The film is in many ways about looking and observing. We start by seeing Levi’s paintings of Lucania, knowing that what will come in the film will eventually translate into those pictures. Rosi forces us to pay close attention to the faces, the dress, and the scenes of Gagliano, just as Levi would have done, so that he could continue painting them for the rest of his life. In a rather bold move, Rosi spends nearly eighteen minutes on Levi’s trip to reach the village: two train rides; one on a bus, complete with chickens; and finally one by car. This is meant not only to show us the extreme isolation of the village and its lack of connection to the outside world but also to habituate the viewer to looking, and looking though Levi’s eyes—we take in the landscape of Lucania through the windows. Rather than simply showing us the village and its inhabitants, Rosi wants to make us aware that we are seeing through a particular lens. The film’s last view of Gagliano comes through the rain-streaked window of the same car as Levi is driving off. This both serves to tie the film together and to remind us that everything we are seeing is filtered through Levi’s subjectivity and memory. As Levi does in his book, Rosi puts us into a meditative mood from the start.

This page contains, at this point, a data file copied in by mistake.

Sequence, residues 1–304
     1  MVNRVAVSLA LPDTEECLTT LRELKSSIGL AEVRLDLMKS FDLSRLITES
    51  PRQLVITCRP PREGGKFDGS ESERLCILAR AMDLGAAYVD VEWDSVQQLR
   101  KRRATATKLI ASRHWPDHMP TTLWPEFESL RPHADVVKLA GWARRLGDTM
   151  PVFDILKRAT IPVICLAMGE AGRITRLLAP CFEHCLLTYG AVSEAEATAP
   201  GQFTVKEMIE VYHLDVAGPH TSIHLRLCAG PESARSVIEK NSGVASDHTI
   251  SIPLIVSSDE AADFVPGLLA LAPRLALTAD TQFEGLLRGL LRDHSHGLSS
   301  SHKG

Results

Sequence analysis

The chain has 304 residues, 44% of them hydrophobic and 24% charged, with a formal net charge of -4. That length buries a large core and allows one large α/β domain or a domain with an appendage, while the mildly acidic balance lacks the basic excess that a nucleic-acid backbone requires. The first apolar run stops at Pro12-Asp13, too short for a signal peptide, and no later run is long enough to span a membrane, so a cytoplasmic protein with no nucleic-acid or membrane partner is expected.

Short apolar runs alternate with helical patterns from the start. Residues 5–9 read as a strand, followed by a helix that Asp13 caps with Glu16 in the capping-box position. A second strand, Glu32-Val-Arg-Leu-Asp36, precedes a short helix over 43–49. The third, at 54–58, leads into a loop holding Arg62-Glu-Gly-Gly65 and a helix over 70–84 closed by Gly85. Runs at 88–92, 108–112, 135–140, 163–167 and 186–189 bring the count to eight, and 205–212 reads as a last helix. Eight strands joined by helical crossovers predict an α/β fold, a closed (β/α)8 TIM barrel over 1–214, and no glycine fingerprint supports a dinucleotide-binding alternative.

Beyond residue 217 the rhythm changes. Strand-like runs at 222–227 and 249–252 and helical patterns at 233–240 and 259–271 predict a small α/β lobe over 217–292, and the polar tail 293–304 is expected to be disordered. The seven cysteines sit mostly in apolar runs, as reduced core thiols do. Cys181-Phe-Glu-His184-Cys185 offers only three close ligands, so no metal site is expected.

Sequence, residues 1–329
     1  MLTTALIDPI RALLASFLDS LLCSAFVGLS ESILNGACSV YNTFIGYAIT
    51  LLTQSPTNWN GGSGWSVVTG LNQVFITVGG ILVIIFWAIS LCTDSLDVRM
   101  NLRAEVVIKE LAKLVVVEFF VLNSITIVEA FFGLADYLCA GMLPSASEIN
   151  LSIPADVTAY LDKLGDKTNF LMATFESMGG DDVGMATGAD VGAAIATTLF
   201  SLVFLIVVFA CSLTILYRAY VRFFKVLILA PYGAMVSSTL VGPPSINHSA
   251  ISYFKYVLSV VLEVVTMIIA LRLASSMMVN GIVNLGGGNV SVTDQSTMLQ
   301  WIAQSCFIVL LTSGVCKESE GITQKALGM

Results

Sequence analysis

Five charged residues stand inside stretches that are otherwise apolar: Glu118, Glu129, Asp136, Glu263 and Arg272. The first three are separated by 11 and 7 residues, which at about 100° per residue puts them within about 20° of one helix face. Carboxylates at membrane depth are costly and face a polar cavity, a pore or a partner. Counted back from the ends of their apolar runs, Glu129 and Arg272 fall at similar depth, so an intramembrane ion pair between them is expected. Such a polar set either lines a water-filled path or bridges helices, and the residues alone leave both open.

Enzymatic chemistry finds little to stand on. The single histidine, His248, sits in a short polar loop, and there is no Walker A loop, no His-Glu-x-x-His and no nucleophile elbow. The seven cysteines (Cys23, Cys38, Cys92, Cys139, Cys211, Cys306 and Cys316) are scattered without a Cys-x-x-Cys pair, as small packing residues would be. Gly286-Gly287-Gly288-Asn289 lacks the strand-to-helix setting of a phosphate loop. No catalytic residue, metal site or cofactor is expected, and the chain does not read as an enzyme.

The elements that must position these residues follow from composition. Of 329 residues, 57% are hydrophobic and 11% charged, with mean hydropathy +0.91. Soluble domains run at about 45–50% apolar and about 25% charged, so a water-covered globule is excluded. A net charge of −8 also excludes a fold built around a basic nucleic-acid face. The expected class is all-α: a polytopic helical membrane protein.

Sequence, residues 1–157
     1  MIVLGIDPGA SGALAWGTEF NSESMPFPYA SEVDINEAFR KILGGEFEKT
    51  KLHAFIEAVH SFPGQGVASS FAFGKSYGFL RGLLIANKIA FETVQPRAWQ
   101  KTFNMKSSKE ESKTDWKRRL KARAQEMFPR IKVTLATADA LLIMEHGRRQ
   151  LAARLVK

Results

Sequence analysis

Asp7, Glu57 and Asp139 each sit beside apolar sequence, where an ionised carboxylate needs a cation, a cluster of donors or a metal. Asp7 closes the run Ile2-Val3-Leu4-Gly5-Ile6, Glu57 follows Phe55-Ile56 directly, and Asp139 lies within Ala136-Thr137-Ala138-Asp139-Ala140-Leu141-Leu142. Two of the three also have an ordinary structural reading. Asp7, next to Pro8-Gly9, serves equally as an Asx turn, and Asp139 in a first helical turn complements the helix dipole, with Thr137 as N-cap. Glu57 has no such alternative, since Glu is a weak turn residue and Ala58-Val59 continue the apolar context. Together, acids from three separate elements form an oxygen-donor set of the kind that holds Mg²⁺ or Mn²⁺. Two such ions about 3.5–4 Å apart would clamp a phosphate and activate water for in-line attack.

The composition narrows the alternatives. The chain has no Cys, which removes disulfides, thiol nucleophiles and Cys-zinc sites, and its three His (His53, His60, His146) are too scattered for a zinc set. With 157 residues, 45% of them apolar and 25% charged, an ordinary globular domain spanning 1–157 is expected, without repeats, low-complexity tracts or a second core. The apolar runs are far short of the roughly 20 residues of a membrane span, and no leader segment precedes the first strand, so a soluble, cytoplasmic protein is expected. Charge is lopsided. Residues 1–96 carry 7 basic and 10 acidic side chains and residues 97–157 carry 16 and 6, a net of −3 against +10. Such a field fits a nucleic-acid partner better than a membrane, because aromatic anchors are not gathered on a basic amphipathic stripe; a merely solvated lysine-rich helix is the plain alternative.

Rosi is remarkably faithful to Levi’s memoir and managed to work into his film a surprisingly high percentage of the book’s scenes and characters and ideas. He made the adaptation in cooperation with the Italian state television company, RAI, as a kind of series in four hour-long parts (a shorter version was made for theatrical release). In the interest of narrative coherence and dramatic sense, Rosi sometimes stitches together scenes, conversations, or incidents that are separate in the book. For example, during Levi’s train trip to reach the village, he comes across an abandoned dog who has been left in the station with a sign around his neck giving the name Barone and asking whoever finds him to take care of him. The dog follows Levi, who ends up adopting him. The story of the dog and this sign is true, but in the book it occurs at another point. Rosi folds it into the opening both for economy and to weave a minor drama, as well as some lightness and humor, into the long, elegiac opening sequence. Similarly, Rosi combines two of the stranger scenes in the book, both involving the woman Levi employs to keep house for him in the village, Giulia. Hiring her proves unusually difficult since, in the peasant culture of Gagliano, it is strictly forbidden for a woman to be alone with a man. An exception is eventually made for Giulia because she is considered to be a witch. As Levi learns, customs regarding women and sex are simultaneously rigid and puritanical, and flexible and forgiving. Many of the men of the village have emigrated to America, leaving their young wives, often never to be heard from again. Meanwhile, the abandoned wives continue to have children—a fact of life the villagers fully accept. Giulia, played memorably by Irene Papas, is smart and vital, with a kind of feral beauty. She has had more than a dozen children after her husband left for America, most of whom died in their infancy. The two scenes from the book involve Levi taking a bath with hot water Giulia has prepared, and his painting her portrait. In the first, she insists without the least embarrassment on soaping and washing his back, commenting favorably on his body. In the second, Giulia flatly refuses to have her portrait painted on the grounds that it would take part of her soul. The book’s rendition of that latter scene, involving a violent slap, is a hard one to read and interpret. In Rosi's shrewd and sensitive merging of these two sequences, the resistance and acquiescence to the portrait painting are playful, with an erotic undertone that matches the preceding moments in the bath.